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Dec 16, 2016 DH Corp: Yesterdays Blue-chip dividend stock, Todays ‘High-Flyer’?

By Ryan

What was not to like about DH Corp? The company had a cheap valuation on most metrics, paid a dividend in the 4% to 5% yield, has an international customer base of large financial institutions through long-term contracts and has largely been a great Canadian success story. Unfortunately, as value investors can often find out the hard way, cheap stocks are often cheap for a reason and can also get ‘cheaper’. Case in point is DH Corp; but what exactly happened here?

The news flow has been so steady with DH Corp that a timeline is really the best way to present the story. 

roller coaster

October 25, 2016 – DH Corp releases third quarter results – The results were disappointing to say the least with big misses against estimates due to a cheque processing business slowing at a faster rate than expected and international clients delaying purchasing decisions due to concerns over issues such as Brexit and general cost conscious environment in the financial industry. Shares plummeted 43% primarily on concerns over the company being in breach of debt covenants and a dividend cut.

November 10, 2016 – DH Corp amends debt covenants with lenders giving the company a bit more breathing room on the debt to EBITDA covenant while also increasing the interest rate by 25 basis points (0.25%).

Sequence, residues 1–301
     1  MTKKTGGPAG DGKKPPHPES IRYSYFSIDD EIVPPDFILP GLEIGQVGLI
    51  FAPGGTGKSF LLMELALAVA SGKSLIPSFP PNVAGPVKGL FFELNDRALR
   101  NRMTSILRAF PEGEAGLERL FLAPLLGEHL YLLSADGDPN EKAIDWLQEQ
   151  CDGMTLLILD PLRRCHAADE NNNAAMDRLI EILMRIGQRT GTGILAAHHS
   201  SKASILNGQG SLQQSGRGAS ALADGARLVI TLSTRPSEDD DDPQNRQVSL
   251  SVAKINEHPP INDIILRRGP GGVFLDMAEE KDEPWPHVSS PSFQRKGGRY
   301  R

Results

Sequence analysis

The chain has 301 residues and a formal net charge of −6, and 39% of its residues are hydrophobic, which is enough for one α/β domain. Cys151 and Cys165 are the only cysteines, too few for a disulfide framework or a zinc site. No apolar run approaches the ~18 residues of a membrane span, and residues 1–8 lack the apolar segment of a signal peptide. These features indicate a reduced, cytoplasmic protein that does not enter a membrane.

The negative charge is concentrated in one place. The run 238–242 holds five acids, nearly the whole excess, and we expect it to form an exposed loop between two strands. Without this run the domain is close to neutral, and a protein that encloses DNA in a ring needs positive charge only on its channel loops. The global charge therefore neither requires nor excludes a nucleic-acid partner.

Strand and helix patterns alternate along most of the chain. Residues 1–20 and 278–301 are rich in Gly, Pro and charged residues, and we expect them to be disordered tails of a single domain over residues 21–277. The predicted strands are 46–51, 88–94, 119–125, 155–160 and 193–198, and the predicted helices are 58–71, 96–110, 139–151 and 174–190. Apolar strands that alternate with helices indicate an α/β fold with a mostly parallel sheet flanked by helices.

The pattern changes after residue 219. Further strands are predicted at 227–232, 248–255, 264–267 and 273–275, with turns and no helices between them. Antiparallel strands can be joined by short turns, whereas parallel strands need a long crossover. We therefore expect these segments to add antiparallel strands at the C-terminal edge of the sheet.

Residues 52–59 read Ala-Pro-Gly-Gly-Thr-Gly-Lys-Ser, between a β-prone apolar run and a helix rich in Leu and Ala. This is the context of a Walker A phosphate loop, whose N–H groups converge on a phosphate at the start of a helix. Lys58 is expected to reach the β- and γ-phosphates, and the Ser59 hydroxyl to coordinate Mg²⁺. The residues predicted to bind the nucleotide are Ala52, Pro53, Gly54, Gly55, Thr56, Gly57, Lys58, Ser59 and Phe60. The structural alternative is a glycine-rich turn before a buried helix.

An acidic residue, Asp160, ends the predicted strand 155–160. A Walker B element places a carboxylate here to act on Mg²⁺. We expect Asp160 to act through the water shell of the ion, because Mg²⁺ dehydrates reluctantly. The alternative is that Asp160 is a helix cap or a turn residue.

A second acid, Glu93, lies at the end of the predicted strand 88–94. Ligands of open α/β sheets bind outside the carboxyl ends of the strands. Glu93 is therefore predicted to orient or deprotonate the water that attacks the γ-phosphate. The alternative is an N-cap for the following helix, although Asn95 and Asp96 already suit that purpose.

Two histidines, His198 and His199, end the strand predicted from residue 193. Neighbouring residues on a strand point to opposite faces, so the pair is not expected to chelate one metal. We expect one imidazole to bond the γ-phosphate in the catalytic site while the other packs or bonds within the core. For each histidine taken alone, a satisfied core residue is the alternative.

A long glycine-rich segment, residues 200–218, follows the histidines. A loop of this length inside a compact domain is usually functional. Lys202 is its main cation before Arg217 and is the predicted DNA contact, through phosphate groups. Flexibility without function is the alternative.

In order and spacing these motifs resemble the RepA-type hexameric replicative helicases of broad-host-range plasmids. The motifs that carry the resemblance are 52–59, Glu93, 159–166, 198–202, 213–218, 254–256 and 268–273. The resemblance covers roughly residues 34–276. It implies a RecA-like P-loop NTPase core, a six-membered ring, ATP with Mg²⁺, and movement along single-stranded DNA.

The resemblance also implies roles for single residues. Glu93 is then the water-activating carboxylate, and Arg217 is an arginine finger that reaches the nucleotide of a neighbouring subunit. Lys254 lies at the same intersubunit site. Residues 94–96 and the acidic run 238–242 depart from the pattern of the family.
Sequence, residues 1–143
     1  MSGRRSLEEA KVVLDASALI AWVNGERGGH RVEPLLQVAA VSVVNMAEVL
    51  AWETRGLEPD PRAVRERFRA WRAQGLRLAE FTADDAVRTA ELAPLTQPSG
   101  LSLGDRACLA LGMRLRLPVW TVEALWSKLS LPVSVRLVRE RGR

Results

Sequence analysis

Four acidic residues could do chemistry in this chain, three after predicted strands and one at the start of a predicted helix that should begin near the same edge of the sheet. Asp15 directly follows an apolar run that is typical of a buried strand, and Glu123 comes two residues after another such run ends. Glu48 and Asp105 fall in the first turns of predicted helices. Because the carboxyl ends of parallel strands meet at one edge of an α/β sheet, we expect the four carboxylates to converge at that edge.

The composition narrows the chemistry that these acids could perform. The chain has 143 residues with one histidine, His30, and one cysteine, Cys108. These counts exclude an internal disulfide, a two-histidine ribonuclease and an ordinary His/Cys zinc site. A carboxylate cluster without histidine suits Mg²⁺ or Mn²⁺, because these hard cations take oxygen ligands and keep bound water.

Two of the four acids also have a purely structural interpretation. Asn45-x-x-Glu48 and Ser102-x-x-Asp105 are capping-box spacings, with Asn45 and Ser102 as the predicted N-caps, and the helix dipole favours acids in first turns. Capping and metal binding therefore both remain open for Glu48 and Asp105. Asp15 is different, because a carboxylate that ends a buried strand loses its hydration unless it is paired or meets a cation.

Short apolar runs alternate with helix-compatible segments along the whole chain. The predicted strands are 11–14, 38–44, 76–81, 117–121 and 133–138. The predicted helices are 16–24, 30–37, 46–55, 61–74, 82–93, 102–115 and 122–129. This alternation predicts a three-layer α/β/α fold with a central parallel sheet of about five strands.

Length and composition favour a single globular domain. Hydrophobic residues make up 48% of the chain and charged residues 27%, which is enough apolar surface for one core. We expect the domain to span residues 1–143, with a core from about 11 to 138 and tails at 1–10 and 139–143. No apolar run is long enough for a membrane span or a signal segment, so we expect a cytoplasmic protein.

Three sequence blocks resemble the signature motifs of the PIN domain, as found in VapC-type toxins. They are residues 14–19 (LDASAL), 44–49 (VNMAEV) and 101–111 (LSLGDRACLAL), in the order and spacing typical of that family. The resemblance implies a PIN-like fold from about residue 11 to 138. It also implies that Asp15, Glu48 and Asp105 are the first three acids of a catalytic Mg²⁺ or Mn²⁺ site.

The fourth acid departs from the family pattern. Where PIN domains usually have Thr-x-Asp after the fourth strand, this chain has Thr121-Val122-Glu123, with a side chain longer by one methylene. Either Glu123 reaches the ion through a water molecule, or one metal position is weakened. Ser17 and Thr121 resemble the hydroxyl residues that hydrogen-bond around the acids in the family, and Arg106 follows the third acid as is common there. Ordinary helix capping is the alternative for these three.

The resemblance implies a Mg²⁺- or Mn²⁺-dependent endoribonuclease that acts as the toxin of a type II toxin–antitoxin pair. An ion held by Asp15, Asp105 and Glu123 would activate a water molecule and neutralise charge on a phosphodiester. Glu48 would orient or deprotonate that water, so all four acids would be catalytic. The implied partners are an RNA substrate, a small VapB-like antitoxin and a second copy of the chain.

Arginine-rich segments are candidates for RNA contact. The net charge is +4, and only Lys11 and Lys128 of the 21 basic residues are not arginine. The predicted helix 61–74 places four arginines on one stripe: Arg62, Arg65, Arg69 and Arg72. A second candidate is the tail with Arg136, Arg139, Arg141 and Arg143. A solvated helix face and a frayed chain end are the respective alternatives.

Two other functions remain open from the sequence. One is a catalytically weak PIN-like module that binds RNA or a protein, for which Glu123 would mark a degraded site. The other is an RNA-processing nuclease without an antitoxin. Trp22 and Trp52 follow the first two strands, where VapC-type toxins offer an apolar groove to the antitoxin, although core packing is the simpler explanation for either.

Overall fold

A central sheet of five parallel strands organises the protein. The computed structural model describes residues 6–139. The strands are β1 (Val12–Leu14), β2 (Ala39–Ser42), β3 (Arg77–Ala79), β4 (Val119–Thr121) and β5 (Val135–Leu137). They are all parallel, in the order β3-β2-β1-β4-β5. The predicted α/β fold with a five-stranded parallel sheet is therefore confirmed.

November 21, 2016 – DH Corp cuts dividend by 63% from $0.32 to $0.12. The reduction adds $85.5 million worth of additional cash flows. DH plans to spend 45% to 50% on share repurchases and 40% to 45% toward debt repayment.

December 7, 2016 – DH announces the formation of a special committee to address expressions of interest from third parties. 

Overall the stock has taken investors on a bit of a ride. Some of the decisions made by the company recently are difficult but likely the appropriate course of action. With $1.9 billion in debt, the focus of the company is paying down debt and cutting the dividend should help with this endeavor.  Investors will now be looking to the 2017 guidance provided by DH Corp, expected by year-end. With the end of the year often being an important time for contract signings, as institutions look to spend remaining IT budgets that are set to expire, markets will be looking for a sign as to whether the customers of DH will ramp up spending with the company again or if long-term growth expectations need to be adjusted.  With the company currently ‘in play’ due to the news of the special committee, upside still remains. However, it is a much different stock than it was just over a month ago and those holding DH Corp as a stable dividend payer may no longer find this holding appropriate due to increased volatility. While the shares of DH did drop 43% on October 25th, the shares are now down only ~20% since the day the bad news began.

One last interesting observation worth noting through this series of events is the actions of analysts. Starting on October 27th, after the shares dropped over 40% in a single day, price targets and ratings began to drop.  By our count, six of the nine analysts following the stock substantially cut price targets or downgraded the rating of the stock. Once DH cut the dividend, analysts began changing the recommendations back to more bullish outlooks, all within a few weeks. We think this is just another good example of not being overly reactive to news, as most investors that sold in the initial fear trade are unlikely to have enjoyed the bounce in the shares. Often, news gets priced in before an investor has a chance to react and doing nothing can be the best course of action.

You can read the full report here.

 

 

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